A €10m Irish-led project has been launched to deliver more tailored treatment to those with Motor Neuron Disease (MND), using analysis of big data and artificial intelligence.
MND, also known as Amyotrophic Lateral Sclerosis (ALS), causes progressive decline in movement, cognition and behaviour, and is a terminal disease with no effective treatments. Research has shown that it is caused by variable combinations of faulty genes that likely interact with lifestyle and environment.
Using data analysis, the ‘Precision ALS’ project will improve understanding of how these factors impact the development of the disease, which will in turn inform the development of ‘precision medicine’ drugs and treatments, which will work for each individual, rather than a one-size-fits-all approach.
Precision ALS is led by two Irish research centres, ADAPT hosted by Trinity College and FutureNeuro hosted by the RCSI.
Researchers will work in partnership with TRICALS, an international ALS research initiative, which will be contributing 10 years of data it has generated about MND/ALS through experts, patients, and patient advocacy groups.
Researchers will work together with industry partners including Biogen, Novartis, Takeda, IQVIA, Roche and Accenture on ‘precision medicine’ drug development that will result in better clinical outcomes for patients and reduce the economic cost of these diseases.
The research is supported by the Irish government through a Science Foundation Ireland (SFI) investment of €5 million, and an additional €5 million from industry partners.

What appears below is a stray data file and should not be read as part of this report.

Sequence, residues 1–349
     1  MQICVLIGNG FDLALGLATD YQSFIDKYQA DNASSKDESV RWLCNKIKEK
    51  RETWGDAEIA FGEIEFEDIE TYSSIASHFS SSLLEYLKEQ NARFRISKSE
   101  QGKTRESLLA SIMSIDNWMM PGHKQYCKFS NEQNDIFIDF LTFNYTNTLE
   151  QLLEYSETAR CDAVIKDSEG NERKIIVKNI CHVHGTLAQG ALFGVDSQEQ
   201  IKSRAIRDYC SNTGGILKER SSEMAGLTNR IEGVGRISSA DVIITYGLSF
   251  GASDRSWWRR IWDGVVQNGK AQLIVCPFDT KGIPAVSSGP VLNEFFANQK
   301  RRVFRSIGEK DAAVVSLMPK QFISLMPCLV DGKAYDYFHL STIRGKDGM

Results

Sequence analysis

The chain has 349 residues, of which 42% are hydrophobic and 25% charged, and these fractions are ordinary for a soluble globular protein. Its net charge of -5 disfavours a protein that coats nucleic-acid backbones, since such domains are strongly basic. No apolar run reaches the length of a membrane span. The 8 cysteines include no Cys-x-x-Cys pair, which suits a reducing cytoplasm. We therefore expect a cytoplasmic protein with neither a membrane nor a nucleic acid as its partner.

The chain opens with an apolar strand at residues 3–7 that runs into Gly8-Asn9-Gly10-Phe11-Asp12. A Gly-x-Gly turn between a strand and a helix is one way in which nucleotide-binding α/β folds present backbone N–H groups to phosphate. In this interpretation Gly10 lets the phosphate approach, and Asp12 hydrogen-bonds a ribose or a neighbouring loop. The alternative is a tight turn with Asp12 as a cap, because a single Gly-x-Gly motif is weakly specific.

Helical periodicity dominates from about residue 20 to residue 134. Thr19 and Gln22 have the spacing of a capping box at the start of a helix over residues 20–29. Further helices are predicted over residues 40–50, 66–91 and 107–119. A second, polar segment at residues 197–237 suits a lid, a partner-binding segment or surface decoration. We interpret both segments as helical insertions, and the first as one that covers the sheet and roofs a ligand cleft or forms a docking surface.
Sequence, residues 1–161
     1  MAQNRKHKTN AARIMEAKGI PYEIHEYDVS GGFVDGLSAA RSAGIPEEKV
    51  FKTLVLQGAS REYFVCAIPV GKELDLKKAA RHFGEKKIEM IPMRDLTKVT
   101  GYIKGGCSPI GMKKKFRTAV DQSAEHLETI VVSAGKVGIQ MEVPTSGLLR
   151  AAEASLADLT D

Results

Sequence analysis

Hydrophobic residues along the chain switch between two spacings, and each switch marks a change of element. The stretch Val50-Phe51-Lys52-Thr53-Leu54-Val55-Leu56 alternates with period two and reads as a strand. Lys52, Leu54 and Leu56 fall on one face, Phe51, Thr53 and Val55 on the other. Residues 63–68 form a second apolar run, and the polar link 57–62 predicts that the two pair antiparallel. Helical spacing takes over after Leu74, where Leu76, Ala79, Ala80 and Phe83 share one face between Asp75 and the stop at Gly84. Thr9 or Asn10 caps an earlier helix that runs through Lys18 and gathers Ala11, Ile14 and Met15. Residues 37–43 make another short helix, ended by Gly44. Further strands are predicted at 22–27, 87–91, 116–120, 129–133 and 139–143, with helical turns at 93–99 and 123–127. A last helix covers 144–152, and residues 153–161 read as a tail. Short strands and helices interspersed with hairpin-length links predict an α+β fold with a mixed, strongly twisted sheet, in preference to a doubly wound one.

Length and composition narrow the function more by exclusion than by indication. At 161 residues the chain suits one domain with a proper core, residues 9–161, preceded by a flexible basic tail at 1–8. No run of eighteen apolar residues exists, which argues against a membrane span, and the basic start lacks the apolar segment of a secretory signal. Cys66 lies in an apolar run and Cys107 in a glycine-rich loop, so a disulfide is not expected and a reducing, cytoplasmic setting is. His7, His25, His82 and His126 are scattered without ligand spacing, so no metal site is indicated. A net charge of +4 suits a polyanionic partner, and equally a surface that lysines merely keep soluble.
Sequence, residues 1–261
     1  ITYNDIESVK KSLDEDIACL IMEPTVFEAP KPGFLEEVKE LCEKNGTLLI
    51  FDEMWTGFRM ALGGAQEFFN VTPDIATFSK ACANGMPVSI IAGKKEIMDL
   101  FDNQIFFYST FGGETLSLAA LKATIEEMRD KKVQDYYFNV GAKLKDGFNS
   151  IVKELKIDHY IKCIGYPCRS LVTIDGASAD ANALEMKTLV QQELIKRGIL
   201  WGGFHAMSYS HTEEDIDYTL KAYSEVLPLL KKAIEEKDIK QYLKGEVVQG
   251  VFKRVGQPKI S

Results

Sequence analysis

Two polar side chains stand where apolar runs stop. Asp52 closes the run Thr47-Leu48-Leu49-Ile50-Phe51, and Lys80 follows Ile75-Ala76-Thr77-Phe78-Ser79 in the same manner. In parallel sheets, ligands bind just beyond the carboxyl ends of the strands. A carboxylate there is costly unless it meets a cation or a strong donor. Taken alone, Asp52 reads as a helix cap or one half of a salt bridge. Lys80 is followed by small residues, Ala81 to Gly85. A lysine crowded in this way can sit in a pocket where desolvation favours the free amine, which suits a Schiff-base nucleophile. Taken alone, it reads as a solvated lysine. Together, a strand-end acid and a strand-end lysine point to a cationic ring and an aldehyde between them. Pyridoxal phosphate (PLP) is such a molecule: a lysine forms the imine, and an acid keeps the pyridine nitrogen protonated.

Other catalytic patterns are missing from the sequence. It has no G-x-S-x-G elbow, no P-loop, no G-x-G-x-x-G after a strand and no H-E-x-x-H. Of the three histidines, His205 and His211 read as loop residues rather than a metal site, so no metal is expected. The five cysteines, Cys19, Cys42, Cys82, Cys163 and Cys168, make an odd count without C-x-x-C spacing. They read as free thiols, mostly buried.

Speaking at the launch on Tuesday, Tánaiste Leo Varadkar said the project has the “potential to change lives”.
“This project straddles clinical research and industry, and will combine the best of our technologies, the best of our ideas, and the best of our medical expertise with the potential to change lives for the better,” he said.
Director of the Precision ALS research programme and Professor of Neurology at Trinity, Professor Orla Hardiman, said that thus far the success of clinical trials relating to MND/ALS has been “disappointing”.
We know now that ALS is heterogeneous, meaning that it has different causes and different patterns of progression. Large numbers are required to understand these differences. Using ‘big data’ analyses, Precision ALS will provide an in-depth understanding of the factors that drive heterogeneity, and in doing so will for the first time allow us to target new and innovative treatments to specific patient subgroups,” she said.
Precision ALS will be a first-in-kind Information and Computer Technology (ICT) framework for treating MND/ALS. It is envisaged that the technology could be easily adapted to other diseases that face similar precision medicine-related challenges.